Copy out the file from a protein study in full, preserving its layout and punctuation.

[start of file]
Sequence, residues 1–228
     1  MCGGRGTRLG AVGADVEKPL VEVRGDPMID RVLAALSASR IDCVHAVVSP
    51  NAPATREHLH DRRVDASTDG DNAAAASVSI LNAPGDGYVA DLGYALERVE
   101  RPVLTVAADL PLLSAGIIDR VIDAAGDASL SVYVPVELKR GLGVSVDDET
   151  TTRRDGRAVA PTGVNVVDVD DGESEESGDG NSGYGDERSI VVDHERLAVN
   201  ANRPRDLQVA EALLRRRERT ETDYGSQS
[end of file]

Sequence, residues 1–228
     1  MCGGRGTRLG AVGADVEKPL VEVRGDPMID RVLAALSASR IDCVHAVVSP
    51  NAPATREHLH DRRVDASTDG DNAAAASVSI LNAPGDGYVA DLGYALERVE
   101  RPVLTVAADL PLLSAGIIDR VIDAAGDASL SVYVPVELKR GLGVSVDDET
   151  TTRRDGRAVA PTGVNVVDVD DGESEESGDG NSGYGDERSI VVDHERLAVN
   201  ANRPRDLQVA EALLRRRERT ETDYGSQS